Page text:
What Initial Steps are Needed to Modify a Loan?

by tammy on March 28, 2010

Generally speaking, there is no actual “process” per se for proposing a loan modification to your lender. Anyone can ask for this at any time with or without cause or preparation. However, most lenders are unlikely to be overly enthusiastic about any borrower initiated loan modification ideas, so it certainly helps to have a well thought out presentation and to have all of your claims well documented before approaching the lender. The exception to this lack of process is if you are seeking a loan modification through the federal government’s Making Home Affordable (MHA) program. In this case, there a five primary conditions that must be met.

First, the home in question has to be the borrower’s primary residence, as defined by the Internal Revenue service (IRS). The IRS actually refers to the primary residence as the “principal residence” and means the residence has to be actively resided in longer than any other residence throughout the calendar year. Added to this definition are a number of ways in which the residence’s address is used: as the primary place for correspondence; the primary address used by Social Security, voter registration, driver’s license, and other government purposes; and others. Basically this provision means that people seeking loan modification for other properties cannot use MHA.

The second condition is that the amount due on the first (primary) mortgage cannot exceed $729,750. The basic idea is that if more than this is owed, then the residence in question is probably beyond the means of anyone that should be asking for loan modification through the MHA program. If you owe almost three quarters of a million dollars on the mortgage, then the house is presumably far more than you should be trying to live in.

The third condition is that the current mortgage had to have been obtained prior to January 1, 2009. The idea behind the MHA program is to help people that got caught up in the real estate bubble and agreed to the terms of their mortgage before the bursting of the real estate bubble and economic downturn. By January 2009 the economic downturn was already in full swing, so anyone purchasing a home after that date should have accepted terms that they could meet in the current economic climate.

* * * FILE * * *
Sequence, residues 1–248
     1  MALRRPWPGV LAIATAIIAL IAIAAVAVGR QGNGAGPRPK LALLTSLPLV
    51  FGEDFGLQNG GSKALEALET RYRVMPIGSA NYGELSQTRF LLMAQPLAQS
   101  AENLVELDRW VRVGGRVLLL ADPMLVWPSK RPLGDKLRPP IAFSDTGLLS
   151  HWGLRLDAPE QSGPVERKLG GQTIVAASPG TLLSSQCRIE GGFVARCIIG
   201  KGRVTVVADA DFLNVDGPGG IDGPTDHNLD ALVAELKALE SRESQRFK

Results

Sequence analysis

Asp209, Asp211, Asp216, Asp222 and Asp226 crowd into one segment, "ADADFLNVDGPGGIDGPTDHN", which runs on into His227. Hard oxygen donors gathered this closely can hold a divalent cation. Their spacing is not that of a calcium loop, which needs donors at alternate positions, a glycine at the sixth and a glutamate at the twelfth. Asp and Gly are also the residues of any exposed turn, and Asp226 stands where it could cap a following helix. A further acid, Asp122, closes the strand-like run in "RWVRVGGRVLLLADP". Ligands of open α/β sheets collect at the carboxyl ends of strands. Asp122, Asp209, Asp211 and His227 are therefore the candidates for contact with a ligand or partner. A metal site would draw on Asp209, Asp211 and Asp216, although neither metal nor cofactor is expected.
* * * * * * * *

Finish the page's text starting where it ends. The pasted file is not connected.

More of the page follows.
Being able to show economic hardship is the fourth condition. Basically, in order to take advantage of the MHA program, the borrower has to show – and document – precisely why they are no longer able to meet the terms they initially agreed to. Most commonly this hardship requirement is based on one or more of three factors: (a) the mortgage was not fixed and the payments have significantly increased; (b) the borrower has suffered a dramatic decrease if income (often related to unemployment); or (c) the borrower has suffered a financial disaster (such as a medical emergency with large bills).

The final qualification is basically a means test that compares the amount paid on the mortgage payments against the borrower’s adjusted gross income. In order to qualify for loan modification under the MHA program, the borrower’s monthly mortgage payments (principal, interest, taxes, insurance and homeowner’s association dues) has to exceed thirty-one percent of the borrowers monthly gross inco

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